Divine on The Main Line: Previewing Mill-Brook in Bryn Mawr, PA

So when  Realtor Joanne McBride sent me an invitation to preview her new listing, Mill-Brook (built by Architect Charles Barton Keen), being an old house junkie, how could I resist?

Charles Barton Keen built Mill-Brook around 1902. My research indicates it was built for F. King Wainwright in 1902. Referred to in my research as a “stockbroker Tudor”, it was indicative of an era of Main Line architecture in the early 20th century. As the TEHS Quarterly said in 1995 of this house in particular:

It is no accident that these houses seem to command a feudal position as they surveyed their domain. Many were self-contained complexes with their own power plants, water systems, and a multitude of assorted outbuildings ranging from stables to private chapels.

The Tudor style, half-timbered houses often nick-named “stockbroker Tudor”, appeared in F. King Wainwright’s Millbrook. The work of Charles Barton Keen, it was located on 23 acres off of Williamson Road in Bryn Mawr. The hall of Millbrook hinted at baronial splendor. Many of these Tudor-style houses, in fact, had paneling removed from English houses.


The architect, Charles Barton Keen, was described as “a renowned and prolific architect of country homes”. He was born in Philadelphia and educated at the University of Pennsylvania, where he graduated in 1889.

I am pretty sure Keen began his career working for two Philadelphia architects T.P. Chandler and Frank Miles Day. They were quite influential in their own right. Keen went out on his own around 1901, so in theory, Mill-Brook could have been one of his early important commissions as an independent architect. He designed from Maine to Florida, and I believe he eventually settled in North Carolina in Winston-Salem.

In our area, Charles Barton Keen also designed a house in Merion which was on The Lower Merion Conservancy’s Walking Tour of Merion this past May 23rd. Keen also designed famous and beautiful Greystone Hall in West Chester, PA and Rose Garland, known to all of us today as The Willows in Radnor Township.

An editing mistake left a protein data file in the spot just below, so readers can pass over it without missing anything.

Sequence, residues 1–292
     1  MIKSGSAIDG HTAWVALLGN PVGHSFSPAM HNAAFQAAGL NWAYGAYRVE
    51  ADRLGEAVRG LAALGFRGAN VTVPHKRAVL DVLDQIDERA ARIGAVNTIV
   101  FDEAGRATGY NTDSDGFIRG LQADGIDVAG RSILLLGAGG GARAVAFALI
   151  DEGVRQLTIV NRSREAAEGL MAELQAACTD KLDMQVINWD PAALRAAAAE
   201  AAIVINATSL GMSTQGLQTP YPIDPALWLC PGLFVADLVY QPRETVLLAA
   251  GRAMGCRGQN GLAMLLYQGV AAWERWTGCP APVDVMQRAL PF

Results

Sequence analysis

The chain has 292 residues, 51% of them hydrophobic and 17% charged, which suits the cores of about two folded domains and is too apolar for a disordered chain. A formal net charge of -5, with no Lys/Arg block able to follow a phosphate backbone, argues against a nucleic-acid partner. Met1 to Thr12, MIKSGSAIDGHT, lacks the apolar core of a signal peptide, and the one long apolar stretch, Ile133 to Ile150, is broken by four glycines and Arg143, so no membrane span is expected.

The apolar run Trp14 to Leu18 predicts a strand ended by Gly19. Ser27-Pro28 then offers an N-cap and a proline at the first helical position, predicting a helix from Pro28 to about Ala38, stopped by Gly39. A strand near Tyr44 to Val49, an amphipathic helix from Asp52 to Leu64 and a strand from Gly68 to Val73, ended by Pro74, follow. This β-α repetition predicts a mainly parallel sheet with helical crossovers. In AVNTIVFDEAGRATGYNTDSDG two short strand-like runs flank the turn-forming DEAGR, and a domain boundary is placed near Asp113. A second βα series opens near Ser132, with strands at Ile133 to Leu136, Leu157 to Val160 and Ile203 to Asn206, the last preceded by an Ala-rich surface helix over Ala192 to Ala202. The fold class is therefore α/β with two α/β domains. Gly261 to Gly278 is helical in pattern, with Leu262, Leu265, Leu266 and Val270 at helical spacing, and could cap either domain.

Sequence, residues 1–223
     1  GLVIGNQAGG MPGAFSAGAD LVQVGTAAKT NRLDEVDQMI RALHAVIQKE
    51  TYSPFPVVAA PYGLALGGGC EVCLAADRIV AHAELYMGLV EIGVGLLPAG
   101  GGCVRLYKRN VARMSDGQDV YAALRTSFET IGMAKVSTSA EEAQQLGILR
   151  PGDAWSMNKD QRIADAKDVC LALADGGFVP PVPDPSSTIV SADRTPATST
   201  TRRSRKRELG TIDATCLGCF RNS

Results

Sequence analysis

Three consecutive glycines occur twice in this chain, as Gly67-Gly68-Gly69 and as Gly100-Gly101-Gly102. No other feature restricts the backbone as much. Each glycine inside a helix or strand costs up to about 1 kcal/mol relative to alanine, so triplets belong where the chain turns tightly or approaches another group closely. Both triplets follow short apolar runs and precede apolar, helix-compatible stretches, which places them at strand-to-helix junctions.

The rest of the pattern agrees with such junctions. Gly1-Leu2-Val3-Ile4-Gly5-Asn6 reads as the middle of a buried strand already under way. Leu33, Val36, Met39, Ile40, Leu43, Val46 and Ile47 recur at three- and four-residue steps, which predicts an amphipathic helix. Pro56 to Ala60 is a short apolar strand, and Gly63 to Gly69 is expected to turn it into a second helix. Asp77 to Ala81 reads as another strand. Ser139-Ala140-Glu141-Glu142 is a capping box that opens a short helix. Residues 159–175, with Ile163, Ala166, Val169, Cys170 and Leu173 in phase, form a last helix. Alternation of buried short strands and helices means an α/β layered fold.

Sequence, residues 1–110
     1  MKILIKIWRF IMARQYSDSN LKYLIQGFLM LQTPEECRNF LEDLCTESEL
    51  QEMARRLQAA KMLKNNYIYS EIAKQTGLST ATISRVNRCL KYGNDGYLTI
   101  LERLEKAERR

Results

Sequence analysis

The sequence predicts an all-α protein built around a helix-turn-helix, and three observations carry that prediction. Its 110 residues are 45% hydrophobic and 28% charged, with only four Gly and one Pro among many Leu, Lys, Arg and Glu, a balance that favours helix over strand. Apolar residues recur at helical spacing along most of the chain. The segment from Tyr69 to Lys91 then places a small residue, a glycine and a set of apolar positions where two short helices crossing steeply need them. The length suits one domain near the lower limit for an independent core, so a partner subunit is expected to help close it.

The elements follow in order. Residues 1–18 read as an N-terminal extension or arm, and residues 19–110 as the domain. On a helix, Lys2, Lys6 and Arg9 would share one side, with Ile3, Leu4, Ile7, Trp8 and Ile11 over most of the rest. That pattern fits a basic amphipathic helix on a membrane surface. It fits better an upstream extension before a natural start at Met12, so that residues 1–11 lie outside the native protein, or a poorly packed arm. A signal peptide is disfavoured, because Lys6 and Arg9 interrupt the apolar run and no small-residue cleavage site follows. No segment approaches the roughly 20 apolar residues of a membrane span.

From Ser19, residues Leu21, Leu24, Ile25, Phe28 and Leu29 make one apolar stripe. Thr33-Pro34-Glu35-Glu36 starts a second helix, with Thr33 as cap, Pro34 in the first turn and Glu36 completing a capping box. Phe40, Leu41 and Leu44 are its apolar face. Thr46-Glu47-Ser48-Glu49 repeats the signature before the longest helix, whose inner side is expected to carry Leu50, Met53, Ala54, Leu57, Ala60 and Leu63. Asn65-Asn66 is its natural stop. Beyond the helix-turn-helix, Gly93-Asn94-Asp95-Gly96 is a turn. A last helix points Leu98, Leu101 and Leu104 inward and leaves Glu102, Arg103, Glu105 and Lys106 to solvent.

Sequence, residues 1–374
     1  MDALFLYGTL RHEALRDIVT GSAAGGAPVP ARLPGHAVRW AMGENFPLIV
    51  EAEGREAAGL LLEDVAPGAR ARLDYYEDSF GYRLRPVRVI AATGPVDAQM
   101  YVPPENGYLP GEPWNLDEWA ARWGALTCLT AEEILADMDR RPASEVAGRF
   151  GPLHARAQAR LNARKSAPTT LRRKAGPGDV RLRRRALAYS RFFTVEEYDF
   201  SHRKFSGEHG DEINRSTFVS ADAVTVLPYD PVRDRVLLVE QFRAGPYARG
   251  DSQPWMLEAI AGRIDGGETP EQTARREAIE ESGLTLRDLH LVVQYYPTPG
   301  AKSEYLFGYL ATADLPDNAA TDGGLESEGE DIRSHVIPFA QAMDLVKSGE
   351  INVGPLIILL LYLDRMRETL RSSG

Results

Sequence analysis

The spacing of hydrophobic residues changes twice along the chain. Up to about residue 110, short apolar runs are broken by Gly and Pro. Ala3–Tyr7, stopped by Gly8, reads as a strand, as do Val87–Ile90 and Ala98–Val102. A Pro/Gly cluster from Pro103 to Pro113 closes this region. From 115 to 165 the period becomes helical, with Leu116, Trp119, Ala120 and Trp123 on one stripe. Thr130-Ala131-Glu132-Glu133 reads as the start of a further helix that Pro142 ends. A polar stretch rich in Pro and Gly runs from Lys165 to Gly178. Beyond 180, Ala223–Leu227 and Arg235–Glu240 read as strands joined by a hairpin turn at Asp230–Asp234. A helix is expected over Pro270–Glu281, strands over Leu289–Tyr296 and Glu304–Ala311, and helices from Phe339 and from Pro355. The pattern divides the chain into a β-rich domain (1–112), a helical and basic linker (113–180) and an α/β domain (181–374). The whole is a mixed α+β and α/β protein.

Mill-Brook is divine. And so is its current owner, restauranteur Marsha Brown, whom I hadn’t seen in years. The last time I met Marsha I was posing with friends for an Academy Ball Book photo in Marsha’s Ruth’s Chris Steak House in Philadelphia – and a very LARGE lobster was with us (see photo)!  Marsha was there this evening and was a charming a hostess as ever, treating all of us to a tasting from her restaurants Ruth’s Chris and Marsha Brown’s Creole Kitchen and Lounge. (The crab cakes were so incredibly amazing!)

But back to this house…oh how splendid – the devil is in the details and this is an old house with panache and style, and it’s in for-real move in condition. It sports amazing chandeliers, fireplaces and interesting mantlepieces galore, architectural details you can’t make out of wall board and Tyvec and an incredible pool and manicured yet naturally lovely and non-pretentious grounds.

Nestled at the top of a long and winding driveway off of Morris Avenue in Bryn Mawr, PA, this is a house that should be toured by Lower Merion Township officials to remind them what is grand and amazing about Lower Merion that new construction will never quite capture with the same essence.

This house is a historic preservationist’s dream and modernized quite enough to suit anyone with a brain. This house is just lovely.

If you have an interest in this divine design, contact Joanne McBride of Prudential Fox and Roach Realtors -(610)-547-6001 or mcbrideone@msn.com .

If you are a Main Line Realtor and you like this little write-up and photos, well I can do that for you too, so drop me a line!

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4 responses to “Divine on The Main Line: Previewing Mill-Brook in Bryn Mawr, PA

  1. Incredible Home! Tim and Marsha are the best!

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  3. Karen R. Nagel, Ph.D

    There is more known information on Mill-Brook Farm which I have found. I’ve forwarded it to McBride and Andrea to add to the Inventory information as it is a Class II.
    Date of Mill-
    Brook Farm is 1901 by Charles Barton Keen. F. King Wainwright was a chemical manufacturer. In 1916 it was altered and renovated by architect, John Irwin Bright, son of Joseph Bright,hardware chain owner, who owned Willowbank, 622 Morris, adjacent estate.

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